Forester with logistics and development in focus

The consumption of meat is increasing both in Sweden and internationally. Transport of animals from farms to slaughterhouses has great significance for the environment, economy and quality of meat. Reduced transport routes means not only lower costs and environmental impact, but also less risk of stress to the animals.

Good planning is essential to minimize costs and environmental impact while maintaining a high level of animal welfare. Designing this type of transport needs, is however a complex task when decisions contain a variety of factors that must be addressed. It's about the slaughterhouses production plan, available animals of different types (organic, eco, etc.), rules on how different animals can be loaded together and how long they may be transported, if they shall be lairaged overnight or not, lorries different loading facilities, etc. Moreover, there are no IT-based decision support systems why virtually all the planning is done more or less manually. Normally, the slaughter company creates a rough plan to allocate transportation missions to fleets which then makes detailed route plans for a week at a time.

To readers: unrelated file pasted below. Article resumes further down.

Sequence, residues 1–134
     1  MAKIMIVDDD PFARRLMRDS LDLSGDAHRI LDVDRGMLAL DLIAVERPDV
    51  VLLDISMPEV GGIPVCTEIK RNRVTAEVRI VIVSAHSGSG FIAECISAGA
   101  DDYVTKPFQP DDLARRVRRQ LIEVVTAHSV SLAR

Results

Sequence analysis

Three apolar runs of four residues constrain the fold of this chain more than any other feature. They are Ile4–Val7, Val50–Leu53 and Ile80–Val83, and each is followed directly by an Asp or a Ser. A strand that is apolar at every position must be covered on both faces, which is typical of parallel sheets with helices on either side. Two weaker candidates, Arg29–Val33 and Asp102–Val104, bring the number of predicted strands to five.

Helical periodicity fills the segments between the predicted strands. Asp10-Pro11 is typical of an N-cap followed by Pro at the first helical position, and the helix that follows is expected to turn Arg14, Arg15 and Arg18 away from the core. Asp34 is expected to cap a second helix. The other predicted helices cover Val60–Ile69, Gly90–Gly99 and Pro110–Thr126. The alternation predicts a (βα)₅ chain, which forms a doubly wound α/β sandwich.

In the forestry sector, the transport planning is largely similar to slaughter transport planning. There have been several years of development and in research purposes testing of a model for optimization of roundwood transportation with good results.

In my work, we in the research group develop and test optimization models that can be used in planning the slaughter transports. In a joint project with HKScan and Forestry Research Institute of Sweden (Skogforsk), we build on knowledge from the optimization of roundwood transport and apply them in the development of new models. The new model differs from the previous by the fact that we must manage queuing (at the slaughterhouse) and mixed loads (collect animals on several farms in the same route) and skidding, which is a method to improve transport efficiency by two trucks interacting in loading animals but only one of the trucks running all the way to the slaughterhouse.

An important part of the work is to ensure the practical usefulness of the model. There is often a big difference between developing and testing a model in the research environment and to develop a model that works in practice. We therefore attach great importance to practical tests and discussions with transportation managers and transporters. We also have a strong focus on ensuring high animal welfare.

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